First-responder anxiety rises with a second coronavirus wave
YONKERS - It doesn't take much to put Cathy Hopkins right back into the worst of the first coronavirus wave.
Just a mention and she's back behind layers of protective gear in the standing-room-only intake tent outside St. Joseph's Medical Center.
She's navigating a bumper-to-bumper ambulance bay, walking emergency-department halls clogged with gurneys of the sick and dying, with monitors signaling the last heartbeats of 11 patients on her first Saturday shift.
Hopkins shivers at the memory and her eyes brim with tears.
"Ooh, it comes all back, doesn't it?" she said, taking a deep breath. "I lost a part of my life in there. I think we all did. It was just a blur. It was going home, getting up and going back to work again."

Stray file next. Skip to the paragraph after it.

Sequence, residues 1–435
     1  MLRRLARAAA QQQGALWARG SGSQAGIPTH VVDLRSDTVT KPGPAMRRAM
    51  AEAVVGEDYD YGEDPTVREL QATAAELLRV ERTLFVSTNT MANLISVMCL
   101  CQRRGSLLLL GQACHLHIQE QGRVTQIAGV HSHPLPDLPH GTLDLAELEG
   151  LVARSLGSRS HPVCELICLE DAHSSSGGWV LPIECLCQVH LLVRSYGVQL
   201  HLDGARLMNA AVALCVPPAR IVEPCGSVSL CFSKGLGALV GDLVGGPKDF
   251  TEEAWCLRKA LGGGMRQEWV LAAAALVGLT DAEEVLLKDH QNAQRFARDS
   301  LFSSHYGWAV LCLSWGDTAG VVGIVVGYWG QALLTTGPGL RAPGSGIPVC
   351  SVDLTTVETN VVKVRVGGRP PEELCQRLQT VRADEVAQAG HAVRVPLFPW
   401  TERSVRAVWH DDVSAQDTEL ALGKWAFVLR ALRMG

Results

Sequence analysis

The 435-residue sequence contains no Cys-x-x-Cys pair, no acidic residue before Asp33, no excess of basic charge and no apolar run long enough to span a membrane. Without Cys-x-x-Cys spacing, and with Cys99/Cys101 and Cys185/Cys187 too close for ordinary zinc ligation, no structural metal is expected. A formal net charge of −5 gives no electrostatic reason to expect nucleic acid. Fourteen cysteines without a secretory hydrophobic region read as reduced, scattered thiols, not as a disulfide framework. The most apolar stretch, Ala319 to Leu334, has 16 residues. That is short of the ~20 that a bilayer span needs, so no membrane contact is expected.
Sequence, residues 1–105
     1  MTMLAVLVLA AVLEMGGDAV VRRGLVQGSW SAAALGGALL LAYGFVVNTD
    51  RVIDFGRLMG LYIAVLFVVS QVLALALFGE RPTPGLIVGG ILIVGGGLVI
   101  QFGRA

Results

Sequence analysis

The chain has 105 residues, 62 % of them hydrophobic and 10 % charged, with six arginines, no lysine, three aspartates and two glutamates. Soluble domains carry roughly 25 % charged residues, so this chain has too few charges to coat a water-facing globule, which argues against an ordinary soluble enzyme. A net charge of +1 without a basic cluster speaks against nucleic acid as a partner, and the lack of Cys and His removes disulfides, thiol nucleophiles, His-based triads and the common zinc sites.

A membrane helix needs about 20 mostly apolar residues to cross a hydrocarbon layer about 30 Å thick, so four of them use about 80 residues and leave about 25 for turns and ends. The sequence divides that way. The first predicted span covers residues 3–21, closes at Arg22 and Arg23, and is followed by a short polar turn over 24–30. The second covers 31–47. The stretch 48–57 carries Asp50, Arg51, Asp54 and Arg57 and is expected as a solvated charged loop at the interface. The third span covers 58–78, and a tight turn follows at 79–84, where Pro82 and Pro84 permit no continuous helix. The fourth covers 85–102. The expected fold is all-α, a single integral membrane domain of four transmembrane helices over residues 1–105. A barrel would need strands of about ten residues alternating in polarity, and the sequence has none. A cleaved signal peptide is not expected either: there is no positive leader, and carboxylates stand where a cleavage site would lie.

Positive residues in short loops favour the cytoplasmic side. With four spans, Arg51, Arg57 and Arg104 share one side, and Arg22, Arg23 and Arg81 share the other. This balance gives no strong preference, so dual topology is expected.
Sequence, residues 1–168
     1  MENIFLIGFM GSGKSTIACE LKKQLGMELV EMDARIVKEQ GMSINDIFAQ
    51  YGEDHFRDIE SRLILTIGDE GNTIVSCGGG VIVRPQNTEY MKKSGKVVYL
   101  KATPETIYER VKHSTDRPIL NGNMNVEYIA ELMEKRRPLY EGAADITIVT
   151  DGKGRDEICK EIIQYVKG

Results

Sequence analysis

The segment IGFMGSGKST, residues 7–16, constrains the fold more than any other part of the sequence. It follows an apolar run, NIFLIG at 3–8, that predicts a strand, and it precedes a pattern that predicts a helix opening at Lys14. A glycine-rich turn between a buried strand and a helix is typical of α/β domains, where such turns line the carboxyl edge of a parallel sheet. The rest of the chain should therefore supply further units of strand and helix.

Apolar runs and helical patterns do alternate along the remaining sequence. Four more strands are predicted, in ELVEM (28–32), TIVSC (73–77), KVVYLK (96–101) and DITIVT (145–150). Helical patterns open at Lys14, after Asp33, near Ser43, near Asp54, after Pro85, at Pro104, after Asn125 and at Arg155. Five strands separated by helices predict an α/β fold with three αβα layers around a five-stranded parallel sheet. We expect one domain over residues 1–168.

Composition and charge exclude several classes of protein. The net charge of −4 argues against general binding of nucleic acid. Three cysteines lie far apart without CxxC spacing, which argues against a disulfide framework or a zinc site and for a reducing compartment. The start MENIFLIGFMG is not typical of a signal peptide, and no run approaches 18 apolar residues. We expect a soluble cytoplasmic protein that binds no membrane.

For months last spring, on that work-home-work-home treadmill, work meant encountering death on a scale she'd never seen; home meant not having the energy to talk to her family about what she was going through.
Like other first-wave first-responders — EMTs, police and fire, doctors and nurses — Hopkins, a nurse practitioner who is now director of employee and community health at St. Joseph's, ran on adrenaline for months, only coming up for air when the curve at last began to flatten.
That's when Sharee Skalsky and the Westchester County Behavioral Health Response Team began to see their first wave: COVID first-responders seeking help.
"May was a rough month because that's when everything started, it seemed, to catch up to people, their feelings, what they've experienced," Skalsky said. "Numbers were kind of coming down at that time, so they actually had time to sit and think about what had just happened."
'My worst day is their every day'
Those thoughts brought them to Skalsky, program director at the St. Vincent’s Behavioral Health Center, on East Post Road in White Plains.